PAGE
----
Mumbai. ‘The city of dreams’. The great beating heart of the Indian subcontinent that daily absorbs a new wave of immigrants seeking a brighter future. The city skyline has reflected Mumbai’s growth and the towering skyscrapers seen from the Bandra-Worli sea link bridge (built at a cost of $240 million in 2010) are rapidly echoing Manhattan or Hong Kong. This is a mega city bursting out of its former colonial seams with a bang and containing some of the world’s most expensive real estate.
Right in the traditional centre of this metropolis is a maze of streets that tell of a darker side. Kamathipura, spread over five ‘lanes’, looks at first glance to be another typical impoverished and lively Mumbai neighbourhood. But it is, in fact, Asia’s second largest red light district, infamous as a murky hub of human trafficking and sex slavery. To walk through these lanes at dusk is to experience another world.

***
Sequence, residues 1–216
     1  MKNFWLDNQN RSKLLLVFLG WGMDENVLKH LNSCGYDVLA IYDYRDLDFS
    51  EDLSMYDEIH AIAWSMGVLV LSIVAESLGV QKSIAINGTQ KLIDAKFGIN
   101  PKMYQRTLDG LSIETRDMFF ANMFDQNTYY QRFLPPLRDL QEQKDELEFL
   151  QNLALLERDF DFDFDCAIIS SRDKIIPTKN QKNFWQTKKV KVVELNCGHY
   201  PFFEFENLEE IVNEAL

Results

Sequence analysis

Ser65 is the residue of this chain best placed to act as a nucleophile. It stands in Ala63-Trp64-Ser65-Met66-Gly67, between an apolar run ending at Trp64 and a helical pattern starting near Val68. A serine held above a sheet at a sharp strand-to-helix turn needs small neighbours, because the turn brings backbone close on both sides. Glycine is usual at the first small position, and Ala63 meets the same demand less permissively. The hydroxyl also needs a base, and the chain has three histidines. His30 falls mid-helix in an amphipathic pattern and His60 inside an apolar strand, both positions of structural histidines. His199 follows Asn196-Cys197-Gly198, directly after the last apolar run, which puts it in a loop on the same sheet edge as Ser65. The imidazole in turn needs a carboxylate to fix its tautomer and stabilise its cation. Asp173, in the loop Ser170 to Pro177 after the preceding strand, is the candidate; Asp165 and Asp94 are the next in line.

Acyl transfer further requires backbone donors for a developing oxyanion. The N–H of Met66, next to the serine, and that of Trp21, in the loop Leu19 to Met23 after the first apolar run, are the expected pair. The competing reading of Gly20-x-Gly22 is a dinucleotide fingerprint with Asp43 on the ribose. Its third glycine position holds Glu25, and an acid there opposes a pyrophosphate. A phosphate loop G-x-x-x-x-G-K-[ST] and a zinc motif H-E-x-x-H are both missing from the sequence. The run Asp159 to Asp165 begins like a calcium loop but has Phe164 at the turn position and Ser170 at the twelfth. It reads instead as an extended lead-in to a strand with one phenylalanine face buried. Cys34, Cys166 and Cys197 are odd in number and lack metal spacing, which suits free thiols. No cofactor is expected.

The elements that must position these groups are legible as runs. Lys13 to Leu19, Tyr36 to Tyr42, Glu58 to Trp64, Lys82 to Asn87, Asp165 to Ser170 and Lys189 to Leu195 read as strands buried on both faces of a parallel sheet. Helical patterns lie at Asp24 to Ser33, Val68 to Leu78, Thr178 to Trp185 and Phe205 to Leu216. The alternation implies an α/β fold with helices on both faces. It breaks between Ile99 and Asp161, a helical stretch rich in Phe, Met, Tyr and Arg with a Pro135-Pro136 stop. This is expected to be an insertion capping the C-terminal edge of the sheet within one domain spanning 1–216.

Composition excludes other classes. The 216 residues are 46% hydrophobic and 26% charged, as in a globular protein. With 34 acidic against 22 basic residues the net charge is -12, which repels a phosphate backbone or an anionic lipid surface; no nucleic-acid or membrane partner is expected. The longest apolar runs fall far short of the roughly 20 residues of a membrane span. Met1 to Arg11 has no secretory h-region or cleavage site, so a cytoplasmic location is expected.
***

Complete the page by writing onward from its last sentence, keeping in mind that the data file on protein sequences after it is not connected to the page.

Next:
A smorgasbord of women and girls, from Nepali to South Indian, cluster on the streets, heavily made up, in flashing saris or tight blue jeans, united in their inscrutable expression and jaded stare. Cameras are not welcome here and a foreign visitor is eyed with both mistrust and disdain. Children and puppies play at the feet of the waiting women, like everywhere in India, life in all its raw beauty is lived on the street and there is little hidden away. Except that is for the new arrivals, freshly trafficked victims as young as eight years old who are brought with muffled screams from a passing taxi and locked into a steel cage for weeks or months until they are considered ‘broken’ enough to release with rape, starvation and beatings being the normal treatment. This is the silent story of Kamathipura. They are silenced victims.